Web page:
So I just deleted an entire four paragraphs because I realized at the end of that fourth paragraph that what I was writing wasn’t really fun to write anymore. It was all “motherhood is so hard” (said like a five-year-old throwing a dramatic fit), and you know what? It is hard. Saturday proved that for me, and I could write every awful thing that happened–who was crying and how I dealt–and it would be funny. It would be relatable. You might have even thought to leave a comment that said “thanks for keepin’ it real.”
Truth is, I write here about what feels good to write about and today, after earning my stripes in the Hot Mess Mom Club, I’m not going to write that motherhood is so hard post. Because I’m kind of over it this morning.
Alright, I’ll share just a little bit from Saturday’s craziness because I went to the trouble of drawing a picture for the story.
After picking up my wallet from a restaurant where I left it for the second time this week (yes, same restaurant, two separate times), Heidi and I took the kids downtown Saturday for some fun. Let’s just say every kid was crying, I didn’t have enough arms to help, and when we finally got to an outdoor restaurant to collect our thoughts, I said to our super hot waiter when he saw all the kids, “I know what you’re thinking–table from hell. Promise we’ll take it easy on y–.” Except I couldn’t even finish the sentence before Nella’s stroller flipped backwards. With her in it. Yep, boots in the air again. Super Hot Waiter had to save her while everything that was in the stroller including an orange juice, my purse and a wet diaper flipped out and I sat helpless, Dash crying in my lap, from the other side of the table. Whew.
So here, a picture:
And by the way, Heidi says this is all part of the naturally orchestrated universe because Seven Week Meltdown post third kid is a given. She’s been telling me this for an entire year, and funny Saturday should land exactly seven weeks and two days past giving birth.
It’s funny how trained I’ve become as a woman to think that the “I’m failing” stories make me more likeable. I tend to be a bit of a people pleaser, so I’m easily trained on these things. Tell them that you lost your cool, that your kids have massive fits, that you can’t lose the pregnancy weight and they’ll like you better. You know what I say when anyone tells me I look good after having a baby? I have it memorized. I fire it back without even thinking: “Oh there’s some Pillsbury skin underneath the shirt, don’t worry.” And I breathe a sigh of relief as if suddenly I was forgiven, “let in” after being proven.
I realize there is truth to why we’re trained this way. We naturally accept our own imperfections a little more when we find them in others too, and that’s okay. Power in numbers, comfort in a like-minded group. I’ve totally been guilty of saying “Thank God” when I discover my outwardly put-together friends have junk drawers, messy closets and laundry piles the size of landfills. But I also don’t want to need to hear these things in order to be okay with my own shortcomings. And I certainly don’t want to base my likability of someone on the presence of faults like mine.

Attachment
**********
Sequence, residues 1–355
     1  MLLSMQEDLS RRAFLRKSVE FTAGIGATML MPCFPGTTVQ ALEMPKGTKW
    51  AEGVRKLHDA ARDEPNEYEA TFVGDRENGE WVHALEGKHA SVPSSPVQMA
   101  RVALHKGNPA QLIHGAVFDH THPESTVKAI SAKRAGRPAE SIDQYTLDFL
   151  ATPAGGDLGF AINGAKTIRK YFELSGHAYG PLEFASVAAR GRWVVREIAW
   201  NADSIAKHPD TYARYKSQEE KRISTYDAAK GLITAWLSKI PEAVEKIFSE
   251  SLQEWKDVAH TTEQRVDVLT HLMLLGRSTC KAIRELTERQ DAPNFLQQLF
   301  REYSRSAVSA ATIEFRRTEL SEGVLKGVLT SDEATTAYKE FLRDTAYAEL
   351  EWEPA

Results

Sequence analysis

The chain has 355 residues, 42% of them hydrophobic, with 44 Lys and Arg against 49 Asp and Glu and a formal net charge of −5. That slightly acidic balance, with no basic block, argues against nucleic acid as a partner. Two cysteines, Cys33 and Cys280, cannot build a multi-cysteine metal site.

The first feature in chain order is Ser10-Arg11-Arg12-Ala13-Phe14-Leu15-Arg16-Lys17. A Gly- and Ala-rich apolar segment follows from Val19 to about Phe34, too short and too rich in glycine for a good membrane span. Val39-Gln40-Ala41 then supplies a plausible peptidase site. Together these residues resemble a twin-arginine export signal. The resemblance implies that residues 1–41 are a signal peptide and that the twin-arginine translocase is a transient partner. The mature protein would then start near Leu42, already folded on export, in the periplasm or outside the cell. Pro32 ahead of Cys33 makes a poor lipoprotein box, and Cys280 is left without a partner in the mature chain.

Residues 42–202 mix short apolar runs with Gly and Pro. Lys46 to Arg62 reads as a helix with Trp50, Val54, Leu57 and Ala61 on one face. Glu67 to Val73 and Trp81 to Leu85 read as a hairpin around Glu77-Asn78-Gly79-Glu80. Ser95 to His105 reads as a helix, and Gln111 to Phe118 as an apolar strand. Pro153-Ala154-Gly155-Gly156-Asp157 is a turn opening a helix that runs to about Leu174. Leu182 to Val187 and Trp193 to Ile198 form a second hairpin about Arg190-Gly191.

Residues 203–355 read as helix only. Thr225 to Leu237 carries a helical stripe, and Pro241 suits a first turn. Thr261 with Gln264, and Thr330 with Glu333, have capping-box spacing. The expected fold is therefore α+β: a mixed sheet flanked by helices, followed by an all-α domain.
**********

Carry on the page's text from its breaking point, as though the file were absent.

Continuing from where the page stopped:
We share our weaknesses not to be liked but because the community that’s built in the process helps create a kinder force to accept these imperfections and a stronger force to overcome them. But we must make lots of room in between to celebrate each others’ strengths, high-five for the days well played, and recognize in our own lives where things are very good indeed.
And good Lord, one of these days I will learn that when someone tells me I seem put together, I don’t have to make sure they know my house is a mess. “You look great” doesn’t need to be followed by a description of my stomach dough, and a rave review of something I cooked does not call for “it’s the only thing I know how to make.” Compliments don’t need to be softened by backing them up with disclaimers; sometimes you just need to own them.
With that said, this weekend had far more good moments than challenging ones.
Like Family Pool Parties
Dash had his first experience with the pool and loved it.
Also, I really need to wash my windows.
Heidi and I laughed on Saturday that we had every reason to head back home after the fate of the day proved disastrous. But neither one of us would make the call, so we just kept pushing strollers with whiny kids.
We finally made it to the beach where kids were set free and we sat–surrounded by tourists, cooled by strong beach winds–and slowly reordered the memories of the day, these peaceful ones quickly taking the top spots.
For all the times we usually can’t shut up when we’re together, we were quiet on the beach that night. It’d be nice to say it was because we were drinking in the scene or moved by the beauty of it all, but clearly, we were shot.
Heidi: “You want to walk to the end of the pier?”
Me: “Let’s not and say we did.”
Recovery for Saturday came Sunday when, after a morning clean, our very low expectations for the afternoon were exceeded simply because we managed to paint our nails.
This boy. He can go from not crying to a full scale vibrato wail in all of half a second. But he is the best cuddler ever.
Those last two pics? Yeah, tipped strollers have nothing on them apples.
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Happy Monday. Time for an evening jog to some Macklemore. Because the ceiling can’t hold us.